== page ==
Family History, Ages of the Parents, History of Pregnancy, and Delivery (Table 1)
None of the 16 patients with trisomy 13 had chromosomal abnormalities in their family histories. The age of the mothers ranged from 20 to 42 years (average: 32.9 years) including mothers who were over 35-years-old for 7 patients and over 40-years-old for 2 patients. The age of the fathers ranged from 22 to 47 years (average: 33.8 years) including fathers who were over 35-years-old for 7 patients and over 40-years-old for 3 patients. Regarding the history of previous delivery, 5 patients had parous mothers. In terms of gender, there were 10 males and 6 females. A definitive prenatal diagnosis of amniotic fluid test for trisomy 13 was not carried out for any of the 16 patients. However, in 15 patients diagnosed with trisomy 13, some type of abnormality was indicated in the ultrasonography test during the course of pregnancy, such as intrauterine growth retardation in 11 patients and brain malformations in 5 patients. The term of delivery ranged from 33 to 40 gestational weeks (average: 35.9 gestational weeks). Regarding the method of delivery, 9 patients were delivered via a cesarean section and 7 patients were delivered via a spontaneous cephalic delivery. The delivery term for the performance of cesarean section ranged from 33 to 40 gestational weeks (average: 35.8 gestational weeks).
The average of Apgar Score at the time of birth was 4.25 points for 1 min scores and 6.5 points for 5 min scores. The birth weight ranged from 1,582 to 3,378 g, with an average weight of 2,243 g. The breakdown includes 7 patients weighing 1,500 to 2,000 g, 5 patients weighing 2,000 to 2,500 g, 2 patients weighing 2,500 to 3,000 g, and 2 patients weighting at least 3,000 g.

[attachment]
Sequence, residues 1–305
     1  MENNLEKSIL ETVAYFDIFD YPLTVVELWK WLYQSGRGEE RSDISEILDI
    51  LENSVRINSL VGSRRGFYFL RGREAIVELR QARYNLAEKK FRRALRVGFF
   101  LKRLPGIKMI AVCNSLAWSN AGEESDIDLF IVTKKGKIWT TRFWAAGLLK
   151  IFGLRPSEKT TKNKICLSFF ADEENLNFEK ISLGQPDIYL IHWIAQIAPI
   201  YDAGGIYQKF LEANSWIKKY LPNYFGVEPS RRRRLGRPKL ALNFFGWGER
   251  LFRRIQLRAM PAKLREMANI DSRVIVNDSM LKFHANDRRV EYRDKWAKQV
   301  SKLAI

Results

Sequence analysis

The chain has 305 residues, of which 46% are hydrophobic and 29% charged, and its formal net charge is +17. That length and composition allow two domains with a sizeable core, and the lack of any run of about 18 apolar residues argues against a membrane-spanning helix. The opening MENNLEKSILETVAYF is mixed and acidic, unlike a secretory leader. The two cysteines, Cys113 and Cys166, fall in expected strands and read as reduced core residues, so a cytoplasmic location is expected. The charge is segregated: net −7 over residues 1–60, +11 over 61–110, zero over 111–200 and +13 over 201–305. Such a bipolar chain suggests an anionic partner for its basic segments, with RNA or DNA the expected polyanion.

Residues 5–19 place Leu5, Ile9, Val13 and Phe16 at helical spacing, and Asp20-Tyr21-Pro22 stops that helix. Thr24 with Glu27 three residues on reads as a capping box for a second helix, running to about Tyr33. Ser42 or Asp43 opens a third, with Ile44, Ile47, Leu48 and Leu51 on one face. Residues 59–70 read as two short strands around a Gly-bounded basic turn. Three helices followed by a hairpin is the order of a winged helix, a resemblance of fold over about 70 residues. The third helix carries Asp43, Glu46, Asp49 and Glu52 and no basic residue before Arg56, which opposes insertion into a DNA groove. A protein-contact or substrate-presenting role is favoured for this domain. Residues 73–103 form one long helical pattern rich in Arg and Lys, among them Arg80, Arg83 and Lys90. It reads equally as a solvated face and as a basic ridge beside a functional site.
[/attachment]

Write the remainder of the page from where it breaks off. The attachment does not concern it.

Chromosomal Analysis, External Malformations, and Organ Malformations (Table 2)
The chromosomal karyotypes of all 16 patients were diagnosed using a G-band method. The r karyotypes included full trisomy 13 in 14 patients, mosaic type of trisomy 13 in 1 patient, and Robertsonian type of translocation in 1 patient.
The major external craniofacial malformations included scalp defects in 5 patients for the head and cleft lip and palate in 10 patients for the face; malformation of abdomen included umbilical hernia in 8 patients. Polydactyly was noted in 6 patients for the extremities. Among the major organ malformations, 3 patients had alobar and 1 patient had semi-lobar type of holoprosencephaly. Dandy-Walker malformation was observed 1 patient and olfactory aplasia and fenestration of the septum pellucidum in 1 patient for the brain. As for the heart, some type of congenital cardiac disorder was observed in all patients. The breakdown includes atrial septal defect in 7 patients, ventricular septal defect in 6 patients, patent ductus arteriosus in 7 patients, coarctation of the aorta in 3 patients, endocardial cushion defect in 2 patients, tetralogy of Fallot (TOF) in 3 patients, and double-outlet right ventricle (DORV) in 3 patients. Combined respiratory malformations included congenital hypoplastic lung in 2 cases and congenital tracheal stenosis in 2 cases.
Administration of Oxygen and the Use of Mechanical Ventilation and Surgical Treatment (Table 3)
Signs of acute respiratory failure were observed in 13 patients after birth. To resuscitate, oxygen was administered to all 16 patients. Mechanical ventilators were used for 9 patients to control acute respiratory failure after tracheal intubation. The tracheal intubation was unsuccessful in 1 patient due to severe tracheal stenosis.